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North Vancouver high-school students getting a head-start from partnerships

Staff writer |
High-school students in North Vancouver are getting a head-start in hands-on trades training at the Squamish Nation Trade Centre through a new ACE IT Piping Foundation program.

The program is possible through a B.C.'s Skills for Jobs Blueprint partnership involving the Squamish First Nation, the Industry Training Authority (ITA), Kwantlen Polytechnic University (KPU), North Vancouver school district 44 and the private sector.

More than 15 students from North Vancouver's Mountainside Secondary school from a diversity of backgrounds, including the Squamish First Nation, are enrolled in the inaugural 23-week trades training program.

The Accelerated Credit Enrolment in Industry Training program (ACE IT), allows students to take their first level of technical training in certain trades while at the same time giving them high school credits needed for graduation.

Students in the ACE IT Piping Foundation program will earn hours toward Level 1 certification in three trades: plumbing, sprinkler fitting and steam/pipefitting. They will also get a real-world perspective on the piping trades by job shadowing workers at Christian Labour Association of Canada and other unions and employers.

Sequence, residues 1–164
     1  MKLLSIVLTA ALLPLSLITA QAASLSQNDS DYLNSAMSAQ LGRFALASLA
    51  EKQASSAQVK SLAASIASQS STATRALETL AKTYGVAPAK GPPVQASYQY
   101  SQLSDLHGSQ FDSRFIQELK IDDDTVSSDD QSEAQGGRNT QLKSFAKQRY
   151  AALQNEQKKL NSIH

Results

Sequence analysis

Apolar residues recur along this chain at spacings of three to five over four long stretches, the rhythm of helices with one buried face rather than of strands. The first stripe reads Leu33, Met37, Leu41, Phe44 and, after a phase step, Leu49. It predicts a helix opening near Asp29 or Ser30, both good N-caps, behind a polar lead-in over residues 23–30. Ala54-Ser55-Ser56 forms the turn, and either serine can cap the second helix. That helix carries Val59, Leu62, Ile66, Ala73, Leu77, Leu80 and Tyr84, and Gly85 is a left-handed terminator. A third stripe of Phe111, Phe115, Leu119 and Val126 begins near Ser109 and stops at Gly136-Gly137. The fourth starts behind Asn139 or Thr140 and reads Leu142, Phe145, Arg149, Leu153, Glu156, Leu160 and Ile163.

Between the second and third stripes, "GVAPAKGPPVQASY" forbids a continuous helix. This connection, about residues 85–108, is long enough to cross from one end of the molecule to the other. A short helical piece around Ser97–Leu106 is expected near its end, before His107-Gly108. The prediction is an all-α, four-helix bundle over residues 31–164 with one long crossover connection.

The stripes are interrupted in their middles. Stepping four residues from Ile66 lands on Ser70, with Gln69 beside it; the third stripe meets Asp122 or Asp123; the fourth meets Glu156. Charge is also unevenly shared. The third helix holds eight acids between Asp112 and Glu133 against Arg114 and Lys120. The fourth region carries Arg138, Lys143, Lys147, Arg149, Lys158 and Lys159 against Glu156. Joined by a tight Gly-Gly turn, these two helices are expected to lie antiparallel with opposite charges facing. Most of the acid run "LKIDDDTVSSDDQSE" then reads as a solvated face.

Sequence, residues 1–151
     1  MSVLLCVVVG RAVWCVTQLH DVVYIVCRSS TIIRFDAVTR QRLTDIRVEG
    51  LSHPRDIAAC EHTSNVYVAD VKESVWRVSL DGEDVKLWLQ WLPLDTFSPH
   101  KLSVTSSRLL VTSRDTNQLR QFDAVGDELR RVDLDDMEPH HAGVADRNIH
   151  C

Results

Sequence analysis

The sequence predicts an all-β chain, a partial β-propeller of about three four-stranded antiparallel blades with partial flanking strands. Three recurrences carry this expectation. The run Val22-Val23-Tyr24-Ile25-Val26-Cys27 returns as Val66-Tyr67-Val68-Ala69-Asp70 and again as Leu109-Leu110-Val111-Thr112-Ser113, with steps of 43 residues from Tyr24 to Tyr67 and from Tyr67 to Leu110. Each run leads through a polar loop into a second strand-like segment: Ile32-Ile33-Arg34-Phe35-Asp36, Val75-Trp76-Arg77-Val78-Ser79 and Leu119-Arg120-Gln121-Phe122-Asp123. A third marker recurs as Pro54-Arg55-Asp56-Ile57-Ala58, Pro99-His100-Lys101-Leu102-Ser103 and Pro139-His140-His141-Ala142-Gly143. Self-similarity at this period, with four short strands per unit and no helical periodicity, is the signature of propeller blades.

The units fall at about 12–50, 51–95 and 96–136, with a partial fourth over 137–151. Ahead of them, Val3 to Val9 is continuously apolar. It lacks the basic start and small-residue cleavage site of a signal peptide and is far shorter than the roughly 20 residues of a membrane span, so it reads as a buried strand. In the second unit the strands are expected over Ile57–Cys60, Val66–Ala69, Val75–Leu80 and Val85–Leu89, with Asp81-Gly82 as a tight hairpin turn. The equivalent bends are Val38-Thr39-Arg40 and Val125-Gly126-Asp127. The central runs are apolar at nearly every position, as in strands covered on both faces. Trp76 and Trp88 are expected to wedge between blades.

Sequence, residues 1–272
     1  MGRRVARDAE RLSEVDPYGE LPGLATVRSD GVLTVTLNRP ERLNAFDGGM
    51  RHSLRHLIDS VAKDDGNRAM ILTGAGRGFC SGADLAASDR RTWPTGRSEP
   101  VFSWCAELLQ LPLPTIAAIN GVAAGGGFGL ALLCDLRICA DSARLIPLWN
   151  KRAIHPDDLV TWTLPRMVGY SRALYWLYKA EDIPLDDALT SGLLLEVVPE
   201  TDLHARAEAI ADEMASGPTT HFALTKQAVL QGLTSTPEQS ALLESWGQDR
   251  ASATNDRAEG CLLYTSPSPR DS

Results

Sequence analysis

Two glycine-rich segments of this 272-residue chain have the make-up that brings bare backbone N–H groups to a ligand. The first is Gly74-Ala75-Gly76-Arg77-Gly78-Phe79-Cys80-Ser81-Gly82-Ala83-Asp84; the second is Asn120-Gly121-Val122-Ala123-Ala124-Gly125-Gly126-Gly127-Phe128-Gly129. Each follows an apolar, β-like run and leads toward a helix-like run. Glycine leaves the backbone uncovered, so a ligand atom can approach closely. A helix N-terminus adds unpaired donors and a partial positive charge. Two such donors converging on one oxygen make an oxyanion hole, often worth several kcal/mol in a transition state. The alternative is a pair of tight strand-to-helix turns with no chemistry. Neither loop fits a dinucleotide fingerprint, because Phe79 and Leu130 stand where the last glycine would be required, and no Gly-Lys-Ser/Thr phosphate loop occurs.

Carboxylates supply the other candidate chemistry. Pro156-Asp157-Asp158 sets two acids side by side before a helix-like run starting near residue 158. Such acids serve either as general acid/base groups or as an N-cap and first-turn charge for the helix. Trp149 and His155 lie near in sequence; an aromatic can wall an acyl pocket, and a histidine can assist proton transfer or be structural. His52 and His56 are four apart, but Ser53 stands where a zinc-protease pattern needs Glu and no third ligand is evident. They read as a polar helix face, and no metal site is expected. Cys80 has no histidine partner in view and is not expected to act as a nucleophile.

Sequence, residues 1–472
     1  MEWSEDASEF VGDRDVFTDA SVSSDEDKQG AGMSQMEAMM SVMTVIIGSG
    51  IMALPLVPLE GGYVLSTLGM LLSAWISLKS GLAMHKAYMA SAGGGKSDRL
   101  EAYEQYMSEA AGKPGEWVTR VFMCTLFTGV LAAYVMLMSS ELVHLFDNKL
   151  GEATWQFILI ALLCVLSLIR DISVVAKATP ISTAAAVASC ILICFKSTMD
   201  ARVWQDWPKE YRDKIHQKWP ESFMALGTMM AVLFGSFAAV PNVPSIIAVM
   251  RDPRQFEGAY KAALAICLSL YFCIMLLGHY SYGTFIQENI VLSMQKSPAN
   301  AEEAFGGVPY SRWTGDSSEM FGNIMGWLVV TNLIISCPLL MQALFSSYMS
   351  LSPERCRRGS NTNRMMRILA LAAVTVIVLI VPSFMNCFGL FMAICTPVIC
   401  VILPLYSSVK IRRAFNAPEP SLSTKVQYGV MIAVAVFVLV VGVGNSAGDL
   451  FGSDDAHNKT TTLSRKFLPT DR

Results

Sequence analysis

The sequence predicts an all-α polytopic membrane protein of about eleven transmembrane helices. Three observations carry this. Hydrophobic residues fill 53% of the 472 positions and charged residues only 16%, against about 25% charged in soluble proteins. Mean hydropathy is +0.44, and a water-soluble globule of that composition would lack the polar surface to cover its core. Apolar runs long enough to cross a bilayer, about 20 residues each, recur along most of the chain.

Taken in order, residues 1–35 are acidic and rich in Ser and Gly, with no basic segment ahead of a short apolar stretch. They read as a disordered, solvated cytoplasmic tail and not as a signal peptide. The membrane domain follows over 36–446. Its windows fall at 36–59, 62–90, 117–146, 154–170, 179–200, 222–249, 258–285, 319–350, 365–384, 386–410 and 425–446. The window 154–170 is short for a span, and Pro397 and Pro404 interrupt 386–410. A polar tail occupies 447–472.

B.C.'s Labour Market Outlook to 2022 projects there will be one million job openings, driven by retirements and a growing economy, many of them in skilled trades and technical occupations. Pipefitters and sprinkler system installers are in the top 60 of projected in-demand occupations to meet future labour force needs.

A key Blueprint goal is to increase the number of people participating in all apprentice youth programs to 5,000 by raising awareness of skills and trades training. It is one way the government can help ensure British Columbians gain the skills they need to qualify for in demand jobs, allowing them to support families, communities and help keep B.C.'s diverse economy strong and growing.

Funding for this partnership comes from both the ITA, and KPU's faculty of trades & technology. KPU is also providing academic expertise and instructors. Equipment was purchased using private-sector donations, and through support from the Squamish First Nation and KPU. The Squamish First Nation is providing the training facility.

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